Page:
Ben and I head home from New York this week, and we are both a little sorry to go. While we miss home, our time here has given us valuable new experiences, as travel always does. We've both enjoyed making new routines and seeing life from a different perspective for a while. I predict that I will miss the rooftop more than I anticipate. It's been the ultimate outdoor studio for this subject matter--I can literally walk out the door and paint, only contending with a flight of stairs, no car, no hike, and no interruptions. I'll miss it.
I thought I'd share about the various ways I begin a piece outdoors. Disclaimer: my process, like most, is in a constant state of evolution. I used to begin by "sketching" the composition and values with a dark paint and a small brush. For whatever reason, that doesn't do it for me anymore. I now sketch some thumbnails on paper, then begin the painting with a very light wash of Gamsol + a hue that compliments the subject matter and wipe away the light areas of my composition with a paper towel. I like the sculptural aspect of using my hands more directly on the panel and pulling away paint. Lots of "happy accidents" can happen during this time, hand strokes or ideas that I will keep in the final iteration of the piece. This method also gives me a good design sense, a Notan of sorts. Notan is a whole other post--but in short, it's a Japanese concept that explores the relationship of light and dark, and it is extremely helpful in understanding whether or not you've got a strong design.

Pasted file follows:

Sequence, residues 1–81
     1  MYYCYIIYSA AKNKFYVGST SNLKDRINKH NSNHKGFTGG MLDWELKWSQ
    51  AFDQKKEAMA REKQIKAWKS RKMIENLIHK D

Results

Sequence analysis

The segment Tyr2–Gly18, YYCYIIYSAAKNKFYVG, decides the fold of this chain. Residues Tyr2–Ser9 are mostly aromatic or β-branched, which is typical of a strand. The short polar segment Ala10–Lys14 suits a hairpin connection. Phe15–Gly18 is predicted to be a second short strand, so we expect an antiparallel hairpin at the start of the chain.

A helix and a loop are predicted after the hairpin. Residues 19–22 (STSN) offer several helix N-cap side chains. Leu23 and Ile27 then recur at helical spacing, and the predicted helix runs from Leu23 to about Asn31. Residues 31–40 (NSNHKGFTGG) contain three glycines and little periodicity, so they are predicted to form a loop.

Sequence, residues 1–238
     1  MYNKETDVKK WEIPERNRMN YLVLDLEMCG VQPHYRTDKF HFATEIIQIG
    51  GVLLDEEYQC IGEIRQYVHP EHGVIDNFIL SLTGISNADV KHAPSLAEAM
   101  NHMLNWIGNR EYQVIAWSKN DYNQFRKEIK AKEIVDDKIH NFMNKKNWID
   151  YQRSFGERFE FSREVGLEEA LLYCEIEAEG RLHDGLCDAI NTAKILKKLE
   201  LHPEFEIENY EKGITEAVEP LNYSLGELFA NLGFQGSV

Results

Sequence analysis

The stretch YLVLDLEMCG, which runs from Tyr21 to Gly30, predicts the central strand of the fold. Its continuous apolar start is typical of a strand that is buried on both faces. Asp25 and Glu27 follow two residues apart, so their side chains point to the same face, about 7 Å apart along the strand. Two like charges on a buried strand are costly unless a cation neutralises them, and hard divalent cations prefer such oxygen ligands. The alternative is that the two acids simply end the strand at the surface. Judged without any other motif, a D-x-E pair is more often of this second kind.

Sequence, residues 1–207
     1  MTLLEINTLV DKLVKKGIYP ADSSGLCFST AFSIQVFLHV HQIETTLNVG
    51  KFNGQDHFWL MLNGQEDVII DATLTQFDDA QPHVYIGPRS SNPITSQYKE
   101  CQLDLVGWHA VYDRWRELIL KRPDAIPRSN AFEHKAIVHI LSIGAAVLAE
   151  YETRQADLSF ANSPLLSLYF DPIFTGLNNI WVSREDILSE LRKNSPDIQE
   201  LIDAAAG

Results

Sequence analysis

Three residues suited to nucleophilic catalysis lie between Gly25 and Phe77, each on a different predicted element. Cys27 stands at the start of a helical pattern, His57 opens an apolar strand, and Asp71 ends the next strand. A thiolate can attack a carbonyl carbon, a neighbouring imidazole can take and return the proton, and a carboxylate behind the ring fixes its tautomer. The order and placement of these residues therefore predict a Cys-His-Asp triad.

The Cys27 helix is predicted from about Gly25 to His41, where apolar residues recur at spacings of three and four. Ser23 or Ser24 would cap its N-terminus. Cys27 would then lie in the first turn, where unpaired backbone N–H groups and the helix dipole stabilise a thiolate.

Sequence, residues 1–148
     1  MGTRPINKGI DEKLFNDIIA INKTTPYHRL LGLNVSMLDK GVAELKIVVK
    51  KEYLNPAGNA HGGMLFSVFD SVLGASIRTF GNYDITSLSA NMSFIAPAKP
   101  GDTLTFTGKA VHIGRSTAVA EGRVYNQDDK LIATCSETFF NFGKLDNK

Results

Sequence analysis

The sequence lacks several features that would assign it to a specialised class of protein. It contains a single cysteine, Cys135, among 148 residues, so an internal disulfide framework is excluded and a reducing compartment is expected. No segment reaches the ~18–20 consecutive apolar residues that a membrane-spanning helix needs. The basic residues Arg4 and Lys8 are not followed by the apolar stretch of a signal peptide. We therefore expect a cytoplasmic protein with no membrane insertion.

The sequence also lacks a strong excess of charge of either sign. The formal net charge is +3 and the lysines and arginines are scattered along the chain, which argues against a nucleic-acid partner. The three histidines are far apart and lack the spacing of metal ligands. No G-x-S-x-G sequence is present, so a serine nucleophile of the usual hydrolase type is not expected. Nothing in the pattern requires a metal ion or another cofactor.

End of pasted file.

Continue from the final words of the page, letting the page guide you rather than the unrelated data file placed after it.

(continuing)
Below is a piece I did on Thursday, before two of our daughters arrived for a weekend visit. This view is directly south of us, toward One World Trade Center. I began with a light wash of a violet. It's a little hard to see in these photos. The color doesn't matter to me that much--it gets completely covered--but I want something harmonious that sends me in the right direction for the overall composition. And I don't want the intensity to control me, so it's generally light--I can use this "armature" or not as I go.
Another few more examples (sorry for the formatting and photo quality--these are on-the-spot quick photos and I'm more focused on painting than getting a good photo when I take these):
This one had such strong light and dark patterns that this is how I began the wash, and wiped away from there:
As you can see, this start has more of a Notan quality to it than any of the others. You can accomplish this with thumbnails and a sharpie in you sketchbook before you start painting. I sometimes do that in addition to my thumbnail sketches, but the more quickly I can get to painting when I'm outdoors, the better chance I have to capture the light in the momentary scene that inspired me.
Happy Halloween, by the way!